Don’t worry – if after having a day filled with trying and at times fiery communications with your fifteen year old son, and you wake up at 2:00am and can’t fall asleep, so grab your book and pillow and head downstairs so as not to disturb your spouse, and you find lights on, not only in the bathroom but downstairs, and your son’s room, and your son isn’t in there – or anywhere in the house, which you then go through very carefully, room to room, checking under beds and in closets, nooks and crannies, to be sure he is not sleeping in some alternative teenage logical space – and find his bodily presence truly gone, so you awaken your spouse and you both begin to wander the house, and you begin to think that perhaps his strong reaction to your previous agitated state had stronger roots than you were aware, and he decided to go missing, and didn’t even take his raincoat, and it was raining, and his cellphone goes to automatic reply when you call it, and you get the flash of calling the police – and your child’s grainy photograph showing up on small milk cartons – but your spouse says ‘not yet’, so instead you get in the car and begin driving down the road looking for a lone dark figure walking, hunched or lying down somewhere, spent or trying to stay out of the rain – don’t worry.
For you might see not one, but two dark figures walking side by side down the sidewalk, in the rain, toward home, roll down your window, be approached and hear – “Hi, Mom. So and so was up so we took a walk” (and so-and-so waves to you and you wave back – as if everything is light and as it should be), and after subdued exchanges of low-key teenage challenge and subtle parental corrections, you roll the window back up, turn around, and head home as their wet walk completes itself – and breathe a measured sigh of relief – cross (as of your unlocking) the unlocked kitchen door threshold, assuring your spouse all is well – and wait for the wee-hour sojourner, who shortly thereafter, arrives over that same threshold, whose previously locked state you inform him of – and, after some teenage logic explanation, and some parental correction, you hear, “I usually leave a note.”
And you find out this wasn’t, in fact the first, but the third time such a sojourn was taken since the beginning of the summer – but all others he left notes, but bothered not to this time, since the others we had not awakened for. Don’t worry.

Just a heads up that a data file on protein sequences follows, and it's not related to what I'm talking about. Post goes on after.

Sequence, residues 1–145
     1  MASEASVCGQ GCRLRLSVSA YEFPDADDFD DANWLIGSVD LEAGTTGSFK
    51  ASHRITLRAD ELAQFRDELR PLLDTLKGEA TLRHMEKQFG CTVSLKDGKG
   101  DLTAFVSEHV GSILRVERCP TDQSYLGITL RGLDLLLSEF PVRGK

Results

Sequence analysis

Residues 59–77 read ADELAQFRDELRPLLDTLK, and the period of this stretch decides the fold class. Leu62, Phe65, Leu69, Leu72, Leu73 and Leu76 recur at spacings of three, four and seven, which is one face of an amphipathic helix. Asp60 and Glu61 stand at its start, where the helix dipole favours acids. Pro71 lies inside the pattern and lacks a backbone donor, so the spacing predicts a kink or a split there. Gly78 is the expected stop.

Youngest was away on a 9-day canoe trip with Boy Scouts. I feel a tangible freedom spending adult time without mind tendrils tuned to possible teenage antics taking place due to absence. Thank you Scouts! Peter and I drove to Chesterfield Gorge with bikes one morning. Peter ferrets out some wonderful Massachusetts spaces that offer grand adventure. A bike trail, or actually, jeep road, sidles the Westfield River through woods and meadow, 6.6 miles.
It’s wonderful being with a kindred spirit. We finished the 6.6 and Peter said, “Stop here or keep going?” Dirt road stretched out as far as we could see. Of course, as soon as we came to the end of the 6.6 I was thinking, “Must ride this out to pavement.” So we did – and then some. Both knew it time to turn around when we reached the Knightville Dam. First major human-made structure, other than iron pipe gates cordoning off the path, we encountered in our sojourn. Our Massachusetts scenic scapes are magnificently diverse. That river valley’s diverse vegetated curves, watery bends and billowy clouds lives deep in my mind’s eye.
Though we missed the gorge’s swimming hole (well – I did – because Peter let me lead) due to my immense concentration on riding at a fast enough speed to avoid bugs hovering in my face – after finishing our ride we did hike back to a place in the river that had a light current and was deep enough to swim in. A bounteous end to a bounteous sojourn.
Words cannot express the depth and breadth of ache I feel hearing the news of the families and children being detained at our border with our neighbor, Mexico.
I must believe there is much love that surrounds that situation- moments we don’t hear much about on the news – but I roar at the callousness.
And hearing and reacting to our present administration’s decisions as I do – I am moved to face my own callousness within.
Because it is there – because I am human.